News Releases


Jaguars


Paraguay Unveils New Management Plan For Jaguars
Asunción, Paraguay (December 22, 2016) – The Government of Paraguay took a major step forward today to ensuring a future for the Western Hemisphere’s largest cat species by completing a country-wide management plan for jaguars, the culmination of two years of cooperation between government agencies, the public and private sectors, and researchers from WCS (Wildlife Conservation Society) and other NGOs.
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WCS Spearheads Conservation Science For U.S. Jaguar Recovery Plan
December 19, 2016 – A recovery plan for the Western Hemisphere’s largest cat species along the U.S.-Mexico border was released today by the U.S. Fish and Wildlife Service (USFWS). 
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Will the Jaguar Survive? Conservation Groups have a Plan
November 23, 2016 — The (WCS) Wildlife Conservation Society reports the publication of a plan to help guide multi-institutional efforts in conserving the jaguar (Panthera onca) in the Amazon basin.
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Study: A Tenth of the World’s Wilderness Lost since the 1990s
SEPTEMBER 8, 2016 – Researchers reporting in the journal Current Biology show catastrophic declines in wilderness areas around the world over the last 20 years. They demonstrate alarming losses comprising a tenth of global wilderness since the 1990s – an area twice the size of Alaska and half the size of the Amazon. 
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International Efforts Needed to Save World’s Largest Mammals, Scientists Say
July 27, 2016 – A team of conservation biologists is calling for a worldwide strategy to prevent the unthinkable: the extinction of the world’s largest mammal species.
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Central American Megaflyover to Measure Impacts of Humans & Cows in Largest Remaining Rainforests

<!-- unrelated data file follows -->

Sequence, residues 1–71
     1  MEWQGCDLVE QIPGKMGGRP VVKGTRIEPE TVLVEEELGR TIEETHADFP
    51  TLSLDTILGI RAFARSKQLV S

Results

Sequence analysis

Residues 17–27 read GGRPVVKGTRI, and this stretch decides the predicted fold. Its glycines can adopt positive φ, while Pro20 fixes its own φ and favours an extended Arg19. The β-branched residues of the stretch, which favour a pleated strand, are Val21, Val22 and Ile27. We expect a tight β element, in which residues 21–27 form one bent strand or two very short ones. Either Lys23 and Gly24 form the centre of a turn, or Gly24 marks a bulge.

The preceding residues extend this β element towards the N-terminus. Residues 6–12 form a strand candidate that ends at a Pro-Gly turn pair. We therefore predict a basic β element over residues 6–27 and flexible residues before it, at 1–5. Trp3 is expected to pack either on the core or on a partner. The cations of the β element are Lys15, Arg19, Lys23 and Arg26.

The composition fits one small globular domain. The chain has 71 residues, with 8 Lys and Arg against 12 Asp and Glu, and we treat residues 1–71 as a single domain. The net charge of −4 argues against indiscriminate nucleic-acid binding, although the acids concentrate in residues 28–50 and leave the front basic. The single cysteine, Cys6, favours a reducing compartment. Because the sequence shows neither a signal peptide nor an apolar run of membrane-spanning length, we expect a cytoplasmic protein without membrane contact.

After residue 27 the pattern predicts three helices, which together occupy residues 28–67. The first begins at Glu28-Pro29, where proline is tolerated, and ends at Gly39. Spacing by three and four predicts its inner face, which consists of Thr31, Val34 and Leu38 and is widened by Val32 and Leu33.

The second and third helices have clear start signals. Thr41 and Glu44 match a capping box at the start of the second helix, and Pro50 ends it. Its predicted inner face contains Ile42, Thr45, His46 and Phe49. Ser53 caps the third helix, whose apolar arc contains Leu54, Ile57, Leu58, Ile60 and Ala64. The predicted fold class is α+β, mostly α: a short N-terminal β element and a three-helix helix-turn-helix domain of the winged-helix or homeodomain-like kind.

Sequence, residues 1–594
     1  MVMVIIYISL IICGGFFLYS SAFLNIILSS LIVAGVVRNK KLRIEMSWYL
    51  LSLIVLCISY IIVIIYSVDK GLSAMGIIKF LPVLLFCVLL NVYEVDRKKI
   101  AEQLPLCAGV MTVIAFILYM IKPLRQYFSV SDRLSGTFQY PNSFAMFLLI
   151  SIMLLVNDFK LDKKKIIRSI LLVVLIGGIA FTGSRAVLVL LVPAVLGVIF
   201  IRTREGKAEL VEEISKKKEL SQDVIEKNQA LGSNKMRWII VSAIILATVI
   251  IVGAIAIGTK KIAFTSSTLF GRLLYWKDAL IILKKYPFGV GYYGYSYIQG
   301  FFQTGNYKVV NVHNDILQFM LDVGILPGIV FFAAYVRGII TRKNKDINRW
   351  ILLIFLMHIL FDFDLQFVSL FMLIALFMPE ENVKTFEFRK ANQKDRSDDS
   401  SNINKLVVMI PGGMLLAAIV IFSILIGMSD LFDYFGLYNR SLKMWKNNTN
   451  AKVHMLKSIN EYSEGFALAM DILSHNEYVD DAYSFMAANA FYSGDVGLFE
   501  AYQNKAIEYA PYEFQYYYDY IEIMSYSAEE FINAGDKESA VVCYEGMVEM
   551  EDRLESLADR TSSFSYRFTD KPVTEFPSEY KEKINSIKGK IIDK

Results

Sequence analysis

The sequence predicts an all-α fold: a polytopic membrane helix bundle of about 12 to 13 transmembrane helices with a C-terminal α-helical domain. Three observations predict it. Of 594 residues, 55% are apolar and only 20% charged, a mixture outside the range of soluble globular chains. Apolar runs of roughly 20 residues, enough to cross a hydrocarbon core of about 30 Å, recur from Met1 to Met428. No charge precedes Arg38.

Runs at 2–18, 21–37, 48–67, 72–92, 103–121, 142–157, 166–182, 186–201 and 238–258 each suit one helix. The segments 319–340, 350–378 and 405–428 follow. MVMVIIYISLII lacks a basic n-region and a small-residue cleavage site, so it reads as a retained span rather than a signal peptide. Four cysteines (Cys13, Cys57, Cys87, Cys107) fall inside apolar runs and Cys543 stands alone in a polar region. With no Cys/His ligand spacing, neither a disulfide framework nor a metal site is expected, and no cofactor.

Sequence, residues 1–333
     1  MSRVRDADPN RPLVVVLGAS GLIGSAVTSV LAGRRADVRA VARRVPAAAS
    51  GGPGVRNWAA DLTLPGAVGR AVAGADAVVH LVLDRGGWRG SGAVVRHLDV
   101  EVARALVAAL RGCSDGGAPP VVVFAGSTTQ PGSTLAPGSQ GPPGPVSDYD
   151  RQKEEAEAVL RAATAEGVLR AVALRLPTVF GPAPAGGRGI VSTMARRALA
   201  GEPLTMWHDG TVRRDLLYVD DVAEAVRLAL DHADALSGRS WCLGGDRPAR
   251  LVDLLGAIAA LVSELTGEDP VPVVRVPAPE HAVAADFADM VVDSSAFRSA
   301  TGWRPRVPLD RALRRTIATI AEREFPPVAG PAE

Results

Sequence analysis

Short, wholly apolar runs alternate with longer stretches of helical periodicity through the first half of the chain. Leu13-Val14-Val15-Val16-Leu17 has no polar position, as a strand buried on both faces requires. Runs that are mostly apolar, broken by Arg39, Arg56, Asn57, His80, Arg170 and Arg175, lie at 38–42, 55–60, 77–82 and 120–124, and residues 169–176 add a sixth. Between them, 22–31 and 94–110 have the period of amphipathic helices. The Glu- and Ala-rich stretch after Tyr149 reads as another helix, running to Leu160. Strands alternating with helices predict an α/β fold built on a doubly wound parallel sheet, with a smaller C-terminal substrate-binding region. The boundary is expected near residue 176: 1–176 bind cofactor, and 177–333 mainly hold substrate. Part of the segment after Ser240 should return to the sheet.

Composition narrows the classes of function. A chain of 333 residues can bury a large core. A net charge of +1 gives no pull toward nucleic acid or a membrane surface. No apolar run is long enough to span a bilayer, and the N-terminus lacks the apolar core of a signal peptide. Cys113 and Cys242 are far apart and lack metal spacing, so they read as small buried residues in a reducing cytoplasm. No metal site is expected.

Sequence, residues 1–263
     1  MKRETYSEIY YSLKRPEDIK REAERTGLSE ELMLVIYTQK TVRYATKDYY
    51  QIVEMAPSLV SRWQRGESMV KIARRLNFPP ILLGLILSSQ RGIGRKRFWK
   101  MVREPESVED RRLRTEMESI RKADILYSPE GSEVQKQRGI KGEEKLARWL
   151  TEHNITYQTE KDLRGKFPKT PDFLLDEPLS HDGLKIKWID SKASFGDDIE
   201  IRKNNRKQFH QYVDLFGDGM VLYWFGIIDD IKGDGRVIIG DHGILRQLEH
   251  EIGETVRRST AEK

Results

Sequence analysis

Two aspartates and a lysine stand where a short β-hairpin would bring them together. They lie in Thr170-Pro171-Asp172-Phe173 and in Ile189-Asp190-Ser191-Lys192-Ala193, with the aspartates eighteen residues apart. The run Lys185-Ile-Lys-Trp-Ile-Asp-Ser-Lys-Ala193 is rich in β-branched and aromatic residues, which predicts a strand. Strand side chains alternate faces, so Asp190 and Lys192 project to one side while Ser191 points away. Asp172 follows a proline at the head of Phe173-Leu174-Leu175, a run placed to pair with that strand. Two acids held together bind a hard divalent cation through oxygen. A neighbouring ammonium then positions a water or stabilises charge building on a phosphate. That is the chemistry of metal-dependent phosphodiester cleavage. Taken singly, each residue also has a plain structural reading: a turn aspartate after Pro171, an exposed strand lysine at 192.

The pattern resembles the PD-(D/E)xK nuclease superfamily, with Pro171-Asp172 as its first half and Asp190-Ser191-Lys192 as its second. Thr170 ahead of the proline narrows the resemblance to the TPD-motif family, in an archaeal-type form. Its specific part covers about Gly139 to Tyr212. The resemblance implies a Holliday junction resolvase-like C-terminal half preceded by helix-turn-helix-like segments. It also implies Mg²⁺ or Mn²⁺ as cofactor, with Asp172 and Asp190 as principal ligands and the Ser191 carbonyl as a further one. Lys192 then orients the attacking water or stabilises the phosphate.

March 3, 2016—With support from the U.S. Fish and Wildlife Service, scientists from the Wildlife Conservation Society (WCS) have embarked on an ambitious plane-based survey to gauge the influence of humans and their livestock on the largest remaining forests in Central America.
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Feb. 19 -- Guatemala’s Maya Biosphere Reserve Celebrates 25 Years As Stronghold for Jaguar and Other Threatened Species
Conservationists in Guatemala and around the world celebrate the 25thAnniversary of the Maya Biosphere Reserve, a successful safe haven for jaguars, peccaries, macaws and other species that have disappeared from much of Mesoamerica, according to the Wildlife Conservation Society (WCS). 
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Ramon, or breadnut, is among the crops harvested by local communities in the Maya Biosphere Reserve. The nutrient-rich seed was once a staple of the Mayas, whose civilization was centered here.
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Wildlife Conservation Society commends President for acknowledging community efforts New York (September 11, 2014)— Guatemala’s President Otto Perez Molina recently congratulated the community members of Uaxactún, a village in the Maya Biosphere Reserve, for their contributions in conserving the country’s natural and cultural heritage, according to the Wildlife Conservation Society. On September 5th, the president traveled to village of Uaxactún to thank its residents in person. The visit repre...
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Brooklyn Bridge Forest initiative works to link NYC residents and local communities in Guatemala to replace aging promenadeWatch the video >> NEW YORK (January 29, 2014)—The Wildlife Conservation Society and other groups are finalists for the Yale ISTF Forest Finance Innovation Prize for the consortium’s proposed concept to replace the aging promenade of the Brooklyn Bridge with sustainably harvested wood from Guatemala. The winner of the $5,000 prize—being awarded for the first time by ...
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